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Alex and Dave's Economic "Fore-guess"

Farm Business Management Update, August/September 2006

By Alex White (, Instructor, Agricultural Finance and Small Business, and David M. Kohl (, Professor Emeritus, Department of Agricultural and Applied Economics, Virginia Tech.

What kind of a story we can tell about the U.S. economy? Before we go too far, be forewarned that it may not be the happiest story ever told. To be honest, we’re a little concerned about the state of the economy over the next 6 to 9 months. We’ve broken the main indicators into 3 groups – the Good, the Bad, and the Ugly.

The Good

Purchasing Managers Index is still strong at 54.7 but lower than its recent high of 57.3 (April 2006).

U.S. unemployment rate is decreasing, from 4.8% in February to 4.6% in June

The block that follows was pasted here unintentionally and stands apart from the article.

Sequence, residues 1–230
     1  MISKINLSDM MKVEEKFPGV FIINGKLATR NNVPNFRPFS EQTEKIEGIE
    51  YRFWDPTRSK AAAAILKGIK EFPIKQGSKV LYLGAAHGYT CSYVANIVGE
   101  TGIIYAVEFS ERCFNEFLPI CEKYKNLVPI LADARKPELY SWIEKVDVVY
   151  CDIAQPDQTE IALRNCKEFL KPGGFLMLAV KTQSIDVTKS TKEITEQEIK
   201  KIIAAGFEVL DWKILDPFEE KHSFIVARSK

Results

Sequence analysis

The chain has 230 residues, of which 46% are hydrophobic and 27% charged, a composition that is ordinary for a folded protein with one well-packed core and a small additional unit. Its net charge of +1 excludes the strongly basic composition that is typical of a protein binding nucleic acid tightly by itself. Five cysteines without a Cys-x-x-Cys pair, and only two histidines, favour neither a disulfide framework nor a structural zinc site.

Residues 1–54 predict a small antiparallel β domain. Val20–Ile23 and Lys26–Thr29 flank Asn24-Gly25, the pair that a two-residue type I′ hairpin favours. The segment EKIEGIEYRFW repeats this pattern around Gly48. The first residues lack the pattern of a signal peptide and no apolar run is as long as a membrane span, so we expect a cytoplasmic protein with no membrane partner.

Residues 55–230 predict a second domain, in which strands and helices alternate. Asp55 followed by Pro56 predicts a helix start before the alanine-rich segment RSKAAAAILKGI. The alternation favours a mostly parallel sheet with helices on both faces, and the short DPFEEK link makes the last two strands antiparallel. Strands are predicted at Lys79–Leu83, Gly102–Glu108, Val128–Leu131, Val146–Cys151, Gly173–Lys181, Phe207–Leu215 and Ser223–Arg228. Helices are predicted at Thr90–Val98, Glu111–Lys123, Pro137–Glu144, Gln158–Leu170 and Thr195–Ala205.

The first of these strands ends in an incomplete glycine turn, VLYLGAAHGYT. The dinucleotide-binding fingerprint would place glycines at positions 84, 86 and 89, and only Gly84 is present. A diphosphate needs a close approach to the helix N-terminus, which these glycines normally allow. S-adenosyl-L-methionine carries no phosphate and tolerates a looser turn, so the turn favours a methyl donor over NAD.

The Bad

CPI is increasing at an annual rate of 4.3%

Capacity Utilization Rate is increasing, up to 82.4% from 80.9% in January

Gold prices are increasing, from $570/oz. in January to $634/oz. in June

U.S. T-Bill yields are starting to fall

The Ugly

Higher oil prices

Core Inflation Index is creeping up – from 2.1% in January to 2.6% in June

The yield curve is flattening out even more

So what does this mean to us?

We can expect the Fed to continue to raise interest rates to try to rein in these inflationary pressures. What outcomes are we seeing?

The Prime Interest Rate is creeping up

Housing starts are decreasing

30-year mortgage rates are decreasing

Some indications suggest that a recession is not out of the question. Regardless, this is a time to be more defensive in your spending and purchasing – time to start monitoring your household budget more closely, think about postponing some big-ticket purchases, and start to build up your savings accounts. “But Alex,” you say, “if everyone begins to reduce their spending the economy will start to slow down – you are adding to the probability of a recession by recommending a defensive position!” My point is that if you are facing a cash flow problem, now is the time to get control of your spending and build your liquidity (savings accounts).

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